Friday, September 12, 2008

Hunkering Down for Hurricane Ike

The Clanton Storm Bunker-- For the past few days, the Houston-Galveston area has been a beehive of activity in preparation for the arrival of Hurricane Ike. The storm has been tracked across the Caribbean and into the Gulf, and has grown to immense proportions.

The Great Storm of 1900 that devastated Galveston Island was a Category-5 storm...they think. Isaac Kline, the meteorologist on duty on the island at the time, lost his instrumentation at some point in the storm. Before his barometer and aerometer were blown away, the instruments recorded astounding wind speeds and barometric pressures. The story of his experiences is chronicled in "Isaac's Storm," written by Eric Larson.

In 1900 Kline was one of only a handful of people knew that storm was coming. Tragically, most of the ignorant ones perished in the storm. The massive storm surge from the 1900 hurricane had no seawall to restrain it, and the island was quickly inundated with a 17-foot surge.

Hurricane Ike has similar capabilities, and forecasters are warning of a massive storm surge of 20-feet, sweeping over Galveston Island, into the bay, and up the Houston Ship Channel.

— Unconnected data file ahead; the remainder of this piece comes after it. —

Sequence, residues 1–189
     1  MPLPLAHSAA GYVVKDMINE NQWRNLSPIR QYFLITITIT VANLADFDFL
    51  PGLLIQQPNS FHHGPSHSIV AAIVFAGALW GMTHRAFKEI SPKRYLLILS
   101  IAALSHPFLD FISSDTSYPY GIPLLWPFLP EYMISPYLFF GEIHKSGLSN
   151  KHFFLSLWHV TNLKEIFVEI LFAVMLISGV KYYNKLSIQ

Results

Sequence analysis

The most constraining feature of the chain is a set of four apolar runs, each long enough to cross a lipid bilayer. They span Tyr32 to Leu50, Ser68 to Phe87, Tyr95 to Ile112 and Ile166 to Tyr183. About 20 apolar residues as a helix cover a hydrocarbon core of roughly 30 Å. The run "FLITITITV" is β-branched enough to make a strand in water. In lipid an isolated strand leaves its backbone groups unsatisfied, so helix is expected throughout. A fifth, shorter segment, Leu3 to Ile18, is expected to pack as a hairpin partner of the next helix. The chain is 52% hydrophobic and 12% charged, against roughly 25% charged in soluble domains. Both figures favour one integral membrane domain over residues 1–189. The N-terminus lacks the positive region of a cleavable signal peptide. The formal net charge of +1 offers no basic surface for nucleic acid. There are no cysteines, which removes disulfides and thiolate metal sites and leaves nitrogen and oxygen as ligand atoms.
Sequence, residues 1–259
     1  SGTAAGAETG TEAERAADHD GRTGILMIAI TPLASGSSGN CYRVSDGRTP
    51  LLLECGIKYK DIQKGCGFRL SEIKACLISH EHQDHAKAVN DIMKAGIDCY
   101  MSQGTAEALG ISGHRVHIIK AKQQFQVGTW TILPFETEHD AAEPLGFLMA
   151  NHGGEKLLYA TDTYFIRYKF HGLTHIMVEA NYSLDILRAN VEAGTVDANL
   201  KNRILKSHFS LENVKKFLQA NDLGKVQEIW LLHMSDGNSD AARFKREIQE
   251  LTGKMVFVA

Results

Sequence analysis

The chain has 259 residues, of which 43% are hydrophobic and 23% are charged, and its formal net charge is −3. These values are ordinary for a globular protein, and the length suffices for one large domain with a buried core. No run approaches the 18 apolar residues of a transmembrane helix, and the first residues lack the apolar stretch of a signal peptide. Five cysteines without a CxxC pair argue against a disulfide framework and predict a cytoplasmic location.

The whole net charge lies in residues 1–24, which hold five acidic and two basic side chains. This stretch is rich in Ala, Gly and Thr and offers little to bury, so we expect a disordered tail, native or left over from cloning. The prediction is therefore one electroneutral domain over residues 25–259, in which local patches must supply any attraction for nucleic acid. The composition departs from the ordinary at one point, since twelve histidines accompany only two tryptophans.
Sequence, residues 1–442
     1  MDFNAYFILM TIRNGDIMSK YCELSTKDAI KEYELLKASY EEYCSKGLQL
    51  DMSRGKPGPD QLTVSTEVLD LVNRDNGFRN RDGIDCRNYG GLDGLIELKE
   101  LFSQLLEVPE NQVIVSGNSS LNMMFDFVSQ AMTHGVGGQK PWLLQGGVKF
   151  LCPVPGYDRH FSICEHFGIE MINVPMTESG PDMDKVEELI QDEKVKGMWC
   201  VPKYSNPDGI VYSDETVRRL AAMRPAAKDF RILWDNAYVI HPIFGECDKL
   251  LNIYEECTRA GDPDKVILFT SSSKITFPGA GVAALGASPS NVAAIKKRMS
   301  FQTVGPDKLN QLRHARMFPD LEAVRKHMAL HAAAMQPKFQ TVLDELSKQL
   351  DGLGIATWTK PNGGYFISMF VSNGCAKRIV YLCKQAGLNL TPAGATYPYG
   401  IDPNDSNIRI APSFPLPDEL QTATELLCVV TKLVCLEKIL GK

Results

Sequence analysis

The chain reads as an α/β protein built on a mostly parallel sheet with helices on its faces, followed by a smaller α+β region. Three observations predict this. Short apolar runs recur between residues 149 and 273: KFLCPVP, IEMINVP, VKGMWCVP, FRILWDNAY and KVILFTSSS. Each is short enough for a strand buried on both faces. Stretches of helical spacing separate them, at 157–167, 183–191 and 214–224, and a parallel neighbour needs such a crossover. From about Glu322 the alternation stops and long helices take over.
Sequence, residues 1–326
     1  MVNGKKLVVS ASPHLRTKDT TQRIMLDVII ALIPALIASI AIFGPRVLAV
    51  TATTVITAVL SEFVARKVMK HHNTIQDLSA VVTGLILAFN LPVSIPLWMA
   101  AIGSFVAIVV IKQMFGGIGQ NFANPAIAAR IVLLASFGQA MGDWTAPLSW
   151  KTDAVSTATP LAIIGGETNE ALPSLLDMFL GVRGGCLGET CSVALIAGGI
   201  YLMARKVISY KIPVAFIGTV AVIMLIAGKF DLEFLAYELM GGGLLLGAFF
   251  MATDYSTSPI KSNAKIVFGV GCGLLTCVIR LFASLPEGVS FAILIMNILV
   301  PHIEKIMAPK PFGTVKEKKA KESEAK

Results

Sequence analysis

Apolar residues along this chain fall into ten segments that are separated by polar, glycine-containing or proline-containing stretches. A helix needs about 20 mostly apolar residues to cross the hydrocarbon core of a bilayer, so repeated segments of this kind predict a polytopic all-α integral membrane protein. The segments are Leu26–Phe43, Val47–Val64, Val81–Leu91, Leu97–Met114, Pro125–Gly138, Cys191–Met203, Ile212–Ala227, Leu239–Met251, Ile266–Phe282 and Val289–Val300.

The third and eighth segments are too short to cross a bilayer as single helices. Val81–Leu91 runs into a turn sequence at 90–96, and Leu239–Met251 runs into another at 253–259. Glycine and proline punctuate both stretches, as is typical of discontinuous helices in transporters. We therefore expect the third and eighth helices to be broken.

Earlier this evening, Lt. Gov. David Dewhurst estimated storm damages from Ike to exceed $100-million because of the numerous low-lying towns along the coast, and the concentration of petroleum refineries along the upper Texas coast.

Tonight, while hundreds of thousands are without power as Hurricane Ike approaches, millions have been made aware of the storm's arrival. Its coming is no surprise.

If you're reading this from other points on the globe, you might want to take a look at this composite of local TV feeds and weather radar (thanks to Michael Garfield for the link!)

A personal note: We are riding out the storm in our home in northwest Harris county.

The rule of thumb for such storms is to "run from the water, hide from the wind."



The Clanton Hacienda
has been transformed into the Clanton Bunker.

As I write this, one of the family mascots is hunkering down next to my thigh in my chair.
She's got the right idea.

1 comment:

John P, Grand Rapids, MI said...

Hope all goes well for you and your family tonite. Stay safe.